So will she be doing Today ever again? “I am a ‘never say never’ kind of girl. Like I say I have no intention and no desire to drag anyone’s name through the mud. I would not want to drag anyone I dealt with (at Today) name through the mud. Nothing. So if they want to pursue something, I can’t control that. But I have no desire to speak out against them. They held firm to their stance and I held firm to mine. I really like to be a team player and I will do pretty much whatever is asked of me because I really believe I am fortunate to be where I am. But this was a situation that I didn’t believe in what they were doing,” she said.
What she did believe in doing was the stranger-than-fiction Big Eyes, the story of Walter and Margaret Keane. whose Big Eyes paintings in the 1960s became a pop culture sensation but led to huge problems for the couple when Walter took full credit for her creations, signing his name to them. Both Adams and co-star Christoph Waltz have received Golden Globe nominations in the comedy lead acting categories for their work in the film. Margaret Keane is still, at age 87, very much alive and helped Adams find the core of the character.
I gave Adams the opportunity (she didn’t get at Today) to discuss the responsibility she felt in playing the role.
“When you are playing a true story of someone’s life you feel that responsibility. But then having met her and seeing her true nature it really hit home how much it would mean to her to have a true portrayal.” she said. “I have done true life characters before where I kept a distance from that person, but Tim Burton had met Margaret and he really encouraged me to meet her because there is just something about her, she’s so alive within her quiet nature. She is so strong within a person that is so soft-spoken and it’s something you have to see to understand. There’s a complexity, and a lot of contradiction in which I find so human. None of us is just one thing. So getting to play someone who really embodied that was really exciting to me, and to do it in a way that I hoped was really respectful to her.”
The story of Big Eyes really has to be seen to be believed, particularly the big courtroom showdown between the couple. But that was taken from actual transcripts of the trial and was toned down by director Burton and writers Scott Alexander and Larry Karasewski to be credible as a movie. You can’t make this stuff up. Adams is very proud getting the chance, in a subtly affecting performance, to do right by Keane and give her this kind of spotlight her late ex-husband Walter tried to take away. Still it’s hard to believe it’s all true.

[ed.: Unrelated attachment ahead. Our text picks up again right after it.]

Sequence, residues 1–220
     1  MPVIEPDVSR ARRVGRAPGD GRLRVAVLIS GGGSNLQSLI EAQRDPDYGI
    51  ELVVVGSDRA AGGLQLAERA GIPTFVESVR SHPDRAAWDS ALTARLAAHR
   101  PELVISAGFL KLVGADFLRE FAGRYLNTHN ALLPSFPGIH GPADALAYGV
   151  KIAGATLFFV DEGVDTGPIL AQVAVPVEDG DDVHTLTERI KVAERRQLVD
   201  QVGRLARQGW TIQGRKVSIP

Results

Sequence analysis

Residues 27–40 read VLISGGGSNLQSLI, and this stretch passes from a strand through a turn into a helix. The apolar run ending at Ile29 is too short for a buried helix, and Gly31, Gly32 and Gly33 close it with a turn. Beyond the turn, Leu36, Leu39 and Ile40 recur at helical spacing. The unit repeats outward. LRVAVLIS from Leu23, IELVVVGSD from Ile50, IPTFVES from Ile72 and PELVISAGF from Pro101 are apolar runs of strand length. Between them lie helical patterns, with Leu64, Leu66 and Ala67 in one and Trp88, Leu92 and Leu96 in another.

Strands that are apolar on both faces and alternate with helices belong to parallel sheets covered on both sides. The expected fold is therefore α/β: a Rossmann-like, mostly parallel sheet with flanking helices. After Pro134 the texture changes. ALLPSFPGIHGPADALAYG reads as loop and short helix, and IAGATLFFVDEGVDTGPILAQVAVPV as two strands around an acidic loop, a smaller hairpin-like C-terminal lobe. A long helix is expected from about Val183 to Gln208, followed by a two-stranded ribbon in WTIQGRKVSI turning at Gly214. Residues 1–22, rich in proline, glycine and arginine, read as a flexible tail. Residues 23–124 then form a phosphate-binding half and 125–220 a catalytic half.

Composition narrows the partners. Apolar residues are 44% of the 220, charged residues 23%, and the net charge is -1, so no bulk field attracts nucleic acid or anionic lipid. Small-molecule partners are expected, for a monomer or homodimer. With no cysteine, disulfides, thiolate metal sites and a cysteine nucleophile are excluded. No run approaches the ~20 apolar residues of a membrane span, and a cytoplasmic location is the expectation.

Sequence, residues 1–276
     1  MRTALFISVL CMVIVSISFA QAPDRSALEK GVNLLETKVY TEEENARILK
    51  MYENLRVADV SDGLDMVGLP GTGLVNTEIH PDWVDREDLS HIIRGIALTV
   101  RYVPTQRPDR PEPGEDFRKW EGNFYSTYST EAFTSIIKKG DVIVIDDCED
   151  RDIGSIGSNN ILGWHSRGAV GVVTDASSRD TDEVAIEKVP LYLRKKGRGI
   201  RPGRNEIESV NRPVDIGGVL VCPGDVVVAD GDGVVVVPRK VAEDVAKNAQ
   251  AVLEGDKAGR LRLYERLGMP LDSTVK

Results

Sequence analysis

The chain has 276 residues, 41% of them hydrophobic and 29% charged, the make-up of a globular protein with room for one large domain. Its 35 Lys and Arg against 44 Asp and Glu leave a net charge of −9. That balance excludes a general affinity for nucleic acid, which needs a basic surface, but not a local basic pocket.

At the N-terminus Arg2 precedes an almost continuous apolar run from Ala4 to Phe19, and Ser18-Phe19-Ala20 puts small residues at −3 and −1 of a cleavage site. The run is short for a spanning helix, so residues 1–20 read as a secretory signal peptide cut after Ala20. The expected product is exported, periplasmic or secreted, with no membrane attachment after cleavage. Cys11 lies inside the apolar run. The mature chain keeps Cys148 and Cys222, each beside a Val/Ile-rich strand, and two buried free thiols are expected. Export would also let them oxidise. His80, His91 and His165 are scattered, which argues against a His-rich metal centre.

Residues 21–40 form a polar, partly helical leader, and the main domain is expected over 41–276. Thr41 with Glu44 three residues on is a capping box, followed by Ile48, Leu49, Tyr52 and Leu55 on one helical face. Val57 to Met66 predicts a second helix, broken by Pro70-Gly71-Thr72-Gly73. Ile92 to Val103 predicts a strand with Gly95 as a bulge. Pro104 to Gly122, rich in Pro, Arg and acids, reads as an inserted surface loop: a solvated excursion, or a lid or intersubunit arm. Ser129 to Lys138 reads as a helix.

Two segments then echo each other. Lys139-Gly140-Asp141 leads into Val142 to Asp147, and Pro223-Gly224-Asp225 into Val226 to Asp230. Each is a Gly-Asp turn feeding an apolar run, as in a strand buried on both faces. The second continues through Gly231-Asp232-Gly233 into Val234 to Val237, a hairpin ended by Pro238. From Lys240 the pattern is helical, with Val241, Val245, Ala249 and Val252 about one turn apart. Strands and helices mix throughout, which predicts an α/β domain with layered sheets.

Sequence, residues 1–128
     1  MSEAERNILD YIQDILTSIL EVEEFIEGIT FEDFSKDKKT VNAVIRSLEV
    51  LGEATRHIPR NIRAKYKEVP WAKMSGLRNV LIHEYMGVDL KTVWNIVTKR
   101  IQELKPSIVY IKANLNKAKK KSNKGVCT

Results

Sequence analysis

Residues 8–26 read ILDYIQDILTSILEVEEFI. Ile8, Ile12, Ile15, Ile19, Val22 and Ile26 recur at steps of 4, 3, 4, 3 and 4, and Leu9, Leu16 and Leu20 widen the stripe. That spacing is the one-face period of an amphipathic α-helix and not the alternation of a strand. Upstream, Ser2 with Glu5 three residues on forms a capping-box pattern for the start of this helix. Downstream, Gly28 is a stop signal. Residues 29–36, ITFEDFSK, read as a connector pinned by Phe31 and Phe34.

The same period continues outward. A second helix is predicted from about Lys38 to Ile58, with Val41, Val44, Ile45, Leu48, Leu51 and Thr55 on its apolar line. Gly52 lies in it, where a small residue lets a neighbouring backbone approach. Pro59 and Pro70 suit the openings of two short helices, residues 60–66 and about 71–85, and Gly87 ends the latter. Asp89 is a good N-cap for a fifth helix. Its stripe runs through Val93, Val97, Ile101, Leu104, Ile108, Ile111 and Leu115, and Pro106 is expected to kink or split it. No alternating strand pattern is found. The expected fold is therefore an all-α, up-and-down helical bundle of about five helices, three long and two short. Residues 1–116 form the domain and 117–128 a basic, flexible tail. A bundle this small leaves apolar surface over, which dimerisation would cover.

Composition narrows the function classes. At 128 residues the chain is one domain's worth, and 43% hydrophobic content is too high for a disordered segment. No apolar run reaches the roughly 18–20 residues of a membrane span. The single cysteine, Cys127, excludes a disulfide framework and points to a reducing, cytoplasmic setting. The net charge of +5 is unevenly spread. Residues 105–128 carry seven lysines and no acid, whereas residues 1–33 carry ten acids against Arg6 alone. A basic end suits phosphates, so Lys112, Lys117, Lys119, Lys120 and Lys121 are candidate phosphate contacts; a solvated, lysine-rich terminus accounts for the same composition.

“It did happen, and she takes responsibility for her part in it,” Adams said. “She even says she was an abused woman and there’s a cycle you get into where you don’t feel like you can leave, and you have to participate in some way and you feel complicit. And she still feels complicit. It’s remarkable to see that. She’s a woman of such great character that she’s really inspiring to me.” She added that it’s been great fun to see how Margaret has been enjoying the attention she’s getting now. In fact, Adams and Keane did a Q&A together recently in downtown L.A. after a screening.
“She was on fire. What’s really fun is seeing her come out of this private shell and enjoying the attention she has always deserved,” Adams said. “She said the most clever thing. They asked what it was like to have Tim Burton direct the film and she goes, ‘Well I directed the film and Tim keeps trying to take credit for it’. She got this huge laugh. It was amazing.”
Even though this story of a husband taking full credit for his wife’s work and keeping her quiet seems incredible today, Adams thinks it has real contemporary relevance. “I think as a society information has become so available and we think we know everything about everybody,” she said. “So it’s hard to believe this could happen today, but at the same time women being in a situation like this feeling that they can’t have a voice, that’s very relevant. In that way I found Margaret’s story to be very modern.”
There can be no question after the unwanted events this week that Adams definitely has a voice. And continuing in the line of playing real-life characters, she is hoping finally to play the life of a very different kind of voice: rock icon Janis Joplin. “That’s the great desire that this thing gets off the ground. We are working on a script right now,” she said and laughed, in a nod to her own problems with the Today show, that Joplin would be on the same page.
“Janis would not have answered those questions either. She would not!”